At Racked, Eliza Brooke looks at that enduring style icon — the French Girl — and the big money to be made riding her aspirational, stylishly flyaway coattails. Not sure who the French Girl is? Here you go.
Who is she? She’s intellectual, cool, and a bit of a romantic, but she doesn’t give her approval easily or smile too much. She might run around in black-tipped Chanel slingbacks, or barefoot if she’s on vacation. She has a signature perfume. She eats cheese without abandon and nurses a single glass of wine all night because she’s a master of reasonable indulgences. She’s almost always white, hetero, and thin, and you can only conjure her by willfully ignoring the many French women whose daily routines do not involve bicycling along the Seine in miniskirts with baguettes tucked under their arms.
But the French Girl’s influence is tangible. She makes money for big American drugstore chains, department stores, independent brands, book publishers, magazines, and digital media companies. She definitely has something to do with the fact that rosé, sales of which outpaced the rest of the wine market last year, has become so popular in the US.
Annie Correal’s New York Times story on the last of New York’s custom wigmakers has a little bit of everything—celebrity gossip, history, international trade, religious scandal, trash-talking Italian wig artists*, and the sentence “Nicholas Piazza keeps 600 pounds of hair in his Staten Island garage.”
The three-foot braids in Mr. Piazza’s garage came into his possession in the mid-1990s. One day, two Russian men appeared in his shop carrying suitcases. “Natural blonds, natural reds, straight off people’s heads,” he said. It was the kind of hair known in the industry as “liquid gold” — Caucasian hair untouched by Western chemicals, long and remy. “I say, ‘Whoa, fellows, you don’t have to go no further; let’s talk.’”
Of his Russian dealer’s shipments, Mr. Piazza recalled: “Sometimes it came stitched in pillows. Sometimes he would ship 20, 30 kilos of hair at a time. Sometimes I’d be going to an apartment in Brighton Beach at 2 in the morning or meeting a plane at Kennedy. He’d hand me a suitcase, and I’d hand him an envelope.”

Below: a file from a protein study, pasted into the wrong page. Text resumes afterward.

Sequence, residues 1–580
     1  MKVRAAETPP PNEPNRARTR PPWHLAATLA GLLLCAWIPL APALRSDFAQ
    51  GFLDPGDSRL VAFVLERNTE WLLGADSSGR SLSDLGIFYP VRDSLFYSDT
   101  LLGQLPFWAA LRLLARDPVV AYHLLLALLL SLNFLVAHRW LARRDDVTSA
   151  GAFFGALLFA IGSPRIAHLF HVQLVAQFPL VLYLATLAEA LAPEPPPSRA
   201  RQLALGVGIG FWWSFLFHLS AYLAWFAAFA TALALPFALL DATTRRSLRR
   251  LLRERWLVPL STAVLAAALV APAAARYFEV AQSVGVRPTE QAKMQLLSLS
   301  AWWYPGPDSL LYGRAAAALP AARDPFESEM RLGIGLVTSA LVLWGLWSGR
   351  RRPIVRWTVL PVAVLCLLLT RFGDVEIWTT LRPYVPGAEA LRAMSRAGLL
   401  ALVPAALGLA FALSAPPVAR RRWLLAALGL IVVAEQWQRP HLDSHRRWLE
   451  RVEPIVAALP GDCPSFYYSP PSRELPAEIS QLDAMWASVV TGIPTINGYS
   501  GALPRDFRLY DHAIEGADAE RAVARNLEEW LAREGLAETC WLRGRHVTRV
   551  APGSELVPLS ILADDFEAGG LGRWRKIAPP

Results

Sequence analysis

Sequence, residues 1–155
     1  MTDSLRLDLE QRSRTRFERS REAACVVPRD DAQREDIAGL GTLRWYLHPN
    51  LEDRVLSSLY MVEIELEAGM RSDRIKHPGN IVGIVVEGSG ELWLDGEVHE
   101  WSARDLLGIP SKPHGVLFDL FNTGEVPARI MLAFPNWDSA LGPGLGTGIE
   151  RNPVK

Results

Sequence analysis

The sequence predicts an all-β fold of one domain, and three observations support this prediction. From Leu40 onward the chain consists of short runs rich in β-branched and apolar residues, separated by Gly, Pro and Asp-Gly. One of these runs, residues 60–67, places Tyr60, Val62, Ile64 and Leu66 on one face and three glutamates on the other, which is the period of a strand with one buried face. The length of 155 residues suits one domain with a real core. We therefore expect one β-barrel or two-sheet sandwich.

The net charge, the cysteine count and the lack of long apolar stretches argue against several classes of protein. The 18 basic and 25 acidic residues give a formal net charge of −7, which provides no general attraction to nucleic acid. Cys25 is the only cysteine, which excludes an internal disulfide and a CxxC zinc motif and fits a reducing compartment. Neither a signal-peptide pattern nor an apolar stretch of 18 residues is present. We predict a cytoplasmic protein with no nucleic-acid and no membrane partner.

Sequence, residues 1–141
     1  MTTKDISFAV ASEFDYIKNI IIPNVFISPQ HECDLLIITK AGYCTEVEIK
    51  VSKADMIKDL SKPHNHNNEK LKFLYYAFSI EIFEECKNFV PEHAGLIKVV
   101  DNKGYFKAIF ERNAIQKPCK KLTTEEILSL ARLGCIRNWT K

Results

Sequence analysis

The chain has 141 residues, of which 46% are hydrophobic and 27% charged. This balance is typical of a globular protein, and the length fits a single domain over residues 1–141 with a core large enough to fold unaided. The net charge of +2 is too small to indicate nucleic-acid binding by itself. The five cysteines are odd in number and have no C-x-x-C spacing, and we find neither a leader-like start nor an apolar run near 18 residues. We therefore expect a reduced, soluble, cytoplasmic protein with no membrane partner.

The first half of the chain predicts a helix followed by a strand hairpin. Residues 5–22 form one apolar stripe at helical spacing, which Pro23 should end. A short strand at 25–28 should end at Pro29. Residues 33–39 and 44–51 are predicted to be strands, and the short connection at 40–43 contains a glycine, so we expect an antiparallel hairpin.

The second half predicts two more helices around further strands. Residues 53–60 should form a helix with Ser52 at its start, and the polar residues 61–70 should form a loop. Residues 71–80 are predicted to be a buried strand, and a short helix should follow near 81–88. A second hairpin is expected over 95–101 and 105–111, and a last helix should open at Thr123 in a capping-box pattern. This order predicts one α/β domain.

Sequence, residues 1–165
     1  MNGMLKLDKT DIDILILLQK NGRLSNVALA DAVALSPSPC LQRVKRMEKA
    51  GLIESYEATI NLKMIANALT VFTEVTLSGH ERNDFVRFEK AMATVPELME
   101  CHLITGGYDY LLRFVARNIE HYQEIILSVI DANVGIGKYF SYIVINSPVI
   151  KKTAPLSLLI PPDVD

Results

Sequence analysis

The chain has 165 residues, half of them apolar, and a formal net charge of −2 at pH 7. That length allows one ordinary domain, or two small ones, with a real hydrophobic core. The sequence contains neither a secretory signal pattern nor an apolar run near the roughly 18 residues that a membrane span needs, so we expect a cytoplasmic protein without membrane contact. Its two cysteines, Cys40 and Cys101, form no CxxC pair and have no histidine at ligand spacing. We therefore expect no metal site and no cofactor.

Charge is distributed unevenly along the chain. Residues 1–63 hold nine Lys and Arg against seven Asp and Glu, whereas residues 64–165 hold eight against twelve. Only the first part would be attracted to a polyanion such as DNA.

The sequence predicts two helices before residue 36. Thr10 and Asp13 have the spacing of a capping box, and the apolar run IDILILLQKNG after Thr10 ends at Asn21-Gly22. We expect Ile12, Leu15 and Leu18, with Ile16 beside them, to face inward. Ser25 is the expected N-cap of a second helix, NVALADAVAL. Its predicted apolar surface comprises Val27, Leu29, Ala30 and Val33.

Stan Smith had a respectable tennis career: When he was 24, he won the U.S. Open, and was ranked the No. 1 men’s player in the world. But his Adidas sneakers have recently become a world-wide fashion phenomenon, giving him much more success (at least in the monetary sense) than he could have ever imagined. From a New York magazine story by Lauren Schwartzberg:
In the United Kingdom, soccer fans in Liverpool and Manchester fight over who got into Stan Smiths first. In Greece, Smith says, where it is traditional to give babies white shoes on the day of their christening, Stan Smiths became the white shoe of choice. There’s a professor of theoretical physics in Sweden who owns more than 200 pairs. Both Will Arnett and Hugh Grant have said they kissed their first girl while wearing Stan Smiths. Stan Smith the man once met a reporter from GQ Japan who told him he’s worn his eponymous shoes every day for the past 13 years. (Smith’s response: “I said, ‘You gotta be kidding me.’ ”) More recently, they’ve been taken up by Céline’s Phoebe Philo, as well as Marc Jacobs, A$AP Rocky, and North West, coming to define both a retro and minimalist movement in fashion just a few years after they were sold on the bargain shelves.
With a recent slew of documentary films and books, punk’s forty year old body has been repeatedly repackaged, sweetened and sold to the masses at the mall, mystifying and irritating many people in the process.In The Baffler, Eugenia Williamson analyzes punk’s history, evolution, literature and commodifycation and addresses the lingering question: what does being ‘punk’ even mean anymore more?
Besides, anyone who’s seen the Ramones documentary End of the Century knows that punks weren’t entirely free from rules, even within the confines of their small domain. In one of the film’s saddest sequences, Dee Dee Ramone—the band’s lovable, goofy bass player and resident junkie sexpot—tries to set out on his own as a white rapper. By the time he hit his forties, he had grown tired of the bowl haircut, tight jeans, and leather jacket dress code enforced by Johnny Ramone, a man who thanked George W. Bush at his induction to the Rock and Roll Hall of Fame. Chastened by the verdict of the market—and it must be conceded, abundant evidence of his absent rapping talent—Dee Dee fatalistically dons his bomber jacket and returns to the Ramones fold, never again to depart from the prescribed formula in the short balance of his life. So much for punks doing whatever the fuck they wanted.